here for larger NASA image
Click here for lunar chart showing location
This is an oblique view of another crater that probably was formed
by a meteoroid following a relatively low-angle trajectory. This crater,
4 km in diameter, is located in the highlands east of Mare Serenitatis.
Compared to the crater just described (see Figure
113 ), this one is less elliptical and its bilobate ray pattern
is much less pronounced. The differences may be attributed to a higher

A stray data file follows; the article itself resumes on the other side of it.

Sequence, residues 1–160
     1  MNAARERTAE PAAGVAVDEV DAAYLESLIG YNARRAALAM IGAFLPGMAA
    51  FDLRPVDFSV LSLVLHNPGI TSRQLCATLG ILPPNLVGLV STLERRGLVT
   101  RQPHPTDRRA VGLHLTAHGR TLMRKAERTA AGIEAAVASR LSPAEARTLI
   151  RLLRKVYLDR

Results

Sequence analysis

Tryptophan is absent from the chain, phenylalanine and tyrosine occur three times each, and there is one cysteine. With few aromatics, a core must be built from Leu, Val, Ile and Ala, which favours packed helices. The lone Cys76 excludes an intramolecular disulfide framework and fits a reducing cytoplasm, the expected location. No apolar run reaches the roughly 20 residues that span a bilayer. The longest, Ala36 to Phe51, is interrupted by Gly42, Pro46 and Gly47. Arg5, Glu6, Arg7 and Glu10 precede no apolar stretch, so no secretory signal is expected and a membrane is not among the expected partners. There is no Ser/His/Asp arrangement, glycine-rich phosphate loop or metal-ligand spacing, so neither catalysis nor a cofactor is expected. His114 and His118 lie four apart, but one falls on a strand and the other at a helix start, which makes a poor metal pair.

trajectory angle of the impacting body that formed this crater as it struck
the surface. H. J. Moore (1976), in his study of craters formed by impacting
missiles at White Sands Missile Range, recognized a characteristic asymmetric
profile along the axis of trajectory for craters formed in this manner.
The wall beneath the missile trajectory is typically less steep than the
opposite or down-trajectory wall, and its rim crest is lower and more rounded.
These observations, when applied to the lunar crater in this photograph,
indicate that the impacting body was traveling toward the east when it
struck the Moon. -H.M.
Report Source: NASA SP-362, Page 120, Figure 114
This web page was created by Francis Ridge
for The Lunascan Project
Section Directory 25